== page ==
California producer Monty mixes two of the best parts of contemporary culture together
In the past many producers have tried mixing computer game music with pop/hip-hop/metal/techno and the results have been patchy. For every awesome Doctor Spin-Tetris we get a woeful H.W.A.-SuperSonic and the least said about SFX-Lemmings the better… But now Californian producer Monty has made possibly the most inventive computer game mixtape in a long time by sampling The Legend of Zelda: Ocarina of Time and giving it a gritty LA Hip-Hop make over. And what’s more it sounds amazing!
Anyone who has ever played a Zelda game will know how luscious the soundtracks are. It doesn’t matter if you’re playing the original NES game, if you are everyone at thisyearinmusic salutes you, the GameBoy version, arguably the best and most taxing edition in the series, or any of the later versions you know the score will be we enjoyable as the game itself. Luscious melodies and hectic motifs swirl around Link as you explore the world, solving puzzles, defeating baddies and ultimately rescuing Princess Zelda.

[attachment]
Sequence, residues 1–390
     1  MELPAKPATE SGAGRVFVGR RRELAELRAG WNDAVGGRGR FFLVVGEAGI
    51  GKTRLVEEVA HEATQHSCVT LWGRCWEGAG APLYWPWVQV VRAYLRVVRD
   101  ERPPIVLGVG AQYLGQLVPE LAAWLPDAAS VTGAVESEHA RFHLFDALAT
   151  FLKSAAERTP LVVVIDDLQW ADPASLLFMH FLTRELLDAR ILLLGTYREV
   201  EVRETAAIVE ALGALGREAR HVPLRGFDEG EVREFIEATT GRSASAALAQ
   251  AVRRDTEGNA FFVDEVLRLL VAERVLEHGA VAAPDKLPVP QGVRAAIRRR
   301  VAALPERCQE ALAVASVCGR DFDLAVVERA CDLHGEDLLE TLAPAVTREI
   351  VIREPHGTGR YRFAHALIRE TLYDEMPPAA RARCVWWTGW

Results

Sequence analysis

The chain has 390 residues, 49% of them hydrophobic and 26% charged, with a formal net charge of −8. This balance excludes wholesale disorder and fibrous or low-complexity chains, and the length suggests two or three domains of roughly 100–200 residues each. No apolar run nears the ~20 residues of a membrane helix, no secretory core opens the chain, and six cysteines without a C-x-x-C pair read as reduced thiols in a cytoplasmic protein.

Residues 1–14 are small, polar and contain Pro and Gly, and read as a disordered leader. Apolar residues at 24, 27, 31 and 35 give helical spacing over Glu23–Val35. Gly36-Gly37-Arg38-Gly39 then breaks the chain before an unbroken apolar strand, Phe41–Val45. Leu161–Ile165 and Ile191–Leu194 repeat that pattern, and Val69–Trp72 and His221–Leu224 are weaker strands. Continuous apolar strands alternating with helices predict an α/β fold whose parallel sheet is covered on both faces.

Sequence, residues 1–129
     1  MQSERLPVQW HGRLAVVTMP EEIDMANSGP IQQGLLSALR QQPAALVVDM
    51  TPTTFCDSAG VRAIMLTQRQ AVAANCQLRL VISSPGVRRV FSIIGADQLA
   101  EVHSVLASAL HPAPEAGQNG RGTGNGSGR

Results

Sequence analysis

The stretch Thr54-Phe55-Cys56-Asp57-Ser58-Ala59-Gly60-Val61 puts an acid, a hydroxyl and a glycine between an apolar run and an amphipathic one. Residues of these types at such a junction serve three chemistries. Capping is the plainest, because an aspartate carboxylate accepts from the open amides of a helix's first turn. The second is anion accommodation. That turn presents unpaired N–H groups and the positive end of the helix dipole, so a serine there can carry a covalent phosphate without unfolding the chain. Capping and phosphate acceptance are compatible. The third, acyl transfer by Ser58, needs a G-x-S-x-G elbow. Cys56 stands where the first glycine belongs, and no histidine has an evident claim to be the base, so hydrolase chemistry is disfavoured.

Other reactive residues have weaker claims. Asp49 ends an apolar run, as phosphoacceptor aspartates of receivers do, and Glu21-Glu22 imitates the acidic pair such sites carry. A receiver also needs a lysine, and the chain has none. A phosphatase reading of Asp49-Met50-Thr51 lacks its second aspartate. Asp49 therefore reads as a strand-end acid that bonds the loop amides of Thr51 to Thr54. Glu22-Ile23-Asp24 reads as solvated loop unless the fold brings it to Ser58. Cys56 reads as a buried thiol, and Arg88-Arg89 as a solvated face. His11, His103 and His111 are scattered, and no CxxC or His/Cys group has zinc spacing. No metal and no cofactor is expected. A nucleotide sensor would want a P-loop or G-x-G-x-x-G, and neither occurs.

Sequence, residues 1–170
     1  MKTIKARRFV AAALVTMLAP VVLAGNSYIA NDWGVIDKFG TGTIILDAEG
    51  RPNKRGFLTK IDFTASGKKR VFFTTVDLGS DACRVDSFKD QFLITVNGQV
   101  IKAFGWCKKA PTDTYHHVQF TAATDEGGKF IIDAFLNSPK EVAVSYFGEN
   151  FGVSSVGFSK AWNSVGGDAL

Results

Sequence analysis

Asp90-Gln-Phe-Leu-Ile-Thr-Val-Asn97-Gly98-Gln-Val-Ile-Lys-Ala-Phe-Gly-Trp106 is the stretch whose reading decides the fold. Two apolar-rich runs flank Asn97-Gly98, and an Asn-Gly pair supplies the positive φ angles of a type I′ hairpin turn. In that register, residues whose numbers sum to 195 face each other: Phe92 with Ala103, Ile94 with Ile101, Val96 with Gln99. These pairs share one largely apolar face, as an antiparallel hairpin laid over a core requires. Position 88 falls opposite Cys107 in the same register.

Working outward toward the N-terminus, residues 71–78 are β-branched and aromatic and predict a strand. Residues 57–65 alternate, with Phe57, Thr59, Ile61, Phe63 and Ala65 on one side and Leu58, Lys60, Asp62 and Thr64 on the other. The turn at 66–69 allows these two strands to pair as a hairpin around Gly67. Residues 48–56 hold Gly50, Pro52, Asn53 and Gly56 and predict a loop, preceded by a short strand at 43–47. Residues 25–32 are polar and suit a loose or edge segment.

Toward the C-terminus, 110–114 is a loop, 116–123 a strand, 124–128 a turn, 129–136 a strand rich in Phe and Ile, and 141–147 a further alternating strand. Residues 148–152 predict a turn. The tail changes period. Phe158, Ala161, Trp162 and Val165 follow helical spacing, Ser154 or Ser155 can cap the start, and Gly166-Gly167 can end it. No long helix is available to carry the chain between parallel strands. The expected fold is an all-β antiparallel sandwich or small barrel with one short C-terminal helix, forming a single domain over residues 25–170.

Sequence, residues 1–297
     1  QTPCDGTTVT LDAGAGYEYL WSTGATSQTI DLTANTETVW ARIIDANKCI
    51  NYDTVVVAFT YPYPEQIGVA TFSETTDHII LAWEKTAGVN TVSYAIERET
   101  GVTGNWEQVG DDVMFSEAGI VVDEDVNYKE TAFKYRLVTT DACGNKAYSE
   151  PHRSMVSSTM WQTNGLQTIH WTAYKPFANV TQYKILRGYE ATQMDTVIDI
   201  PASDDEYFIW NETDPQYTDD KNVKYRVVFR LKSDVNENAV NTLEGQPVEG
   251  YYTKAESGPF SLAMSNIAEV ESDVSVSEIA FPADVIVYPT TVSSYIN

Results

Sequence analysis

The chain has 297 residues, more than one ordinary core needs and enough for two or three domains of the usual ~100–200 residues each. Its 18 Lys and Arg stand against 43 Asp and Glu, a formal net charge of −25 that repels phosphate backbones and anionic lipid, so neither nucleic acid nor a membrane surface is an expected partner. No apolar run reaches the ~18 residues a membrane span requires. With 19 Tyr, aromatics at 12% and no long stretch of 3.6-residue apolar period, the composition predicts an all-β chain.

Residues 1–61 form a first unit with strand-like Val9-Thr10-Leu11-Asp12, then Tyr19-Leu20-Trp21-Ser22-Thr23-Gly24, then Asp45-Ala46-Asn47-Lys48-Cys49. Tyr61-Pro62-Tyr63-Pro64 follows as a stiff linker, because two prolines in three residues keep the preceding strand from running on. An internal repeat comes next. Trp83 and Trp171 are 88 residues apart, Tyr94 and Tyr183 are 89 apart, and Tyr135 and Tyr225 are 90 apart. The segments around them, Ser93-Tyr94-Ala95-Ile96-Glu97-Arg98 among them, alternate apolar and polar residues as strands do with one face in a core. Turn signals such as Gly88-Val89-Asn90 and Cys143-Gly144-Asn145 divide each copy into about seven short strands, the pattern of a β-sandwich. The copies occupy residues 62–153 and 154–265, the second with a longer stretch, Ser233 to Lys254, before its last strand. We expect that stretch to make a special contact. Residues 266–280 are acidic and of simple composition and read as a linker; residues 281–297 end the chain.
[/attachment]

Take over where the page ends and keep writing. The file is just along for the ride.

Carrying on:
What makes Monty’s mixtape so in keeping with the original source is how much respect he has taken with it. The ten tracks that make up Beats of Time are made exclusively from The Legend of Zelda: Ocarina of Time soundtrack and sound effects from the game. The album opens with Title Theme, which pretty much does what it says. Through subtle and poignant beats, Monty gives us all the majesty and beauty of the original theme, but gives it street smarts. Deku Tree follows on this exquisitely, albeit with slightly harder hitting beats. It isn’t until we get to Epona’s Song that things really start to take off and Monty starts to show us what he’s capable of. A tender guitar and gentle kicks things off, before SFX from the game keep things moving forward until its delightful outro. It’s beautiful, but it also has a sense of humour, which is something the games have always possessed. Song of Storms and Master Sword have a bounce that wouldn’t be out of place on a Non-Projects or Brainfeeder mix album. The beats are crisp and sharp while the samples juxtapose this perfectly. Ganon’s Castle Bridge brigs the story to a close you Link defeats the villain of the piece Ganon, in his castle. The album, like the games, ends with Staff Roll that brings everything to a logical conclusion.
What Beats of Time does incredibly well is mixes seamlessly two of the largest parts of contemporary culture, hip-hop and computer games, and ends up with something that is greater than the sum of its parts. Whether Monty will tackle another game in the future will remain to be seen, but given how inventive Beats of Time was the chances might be high.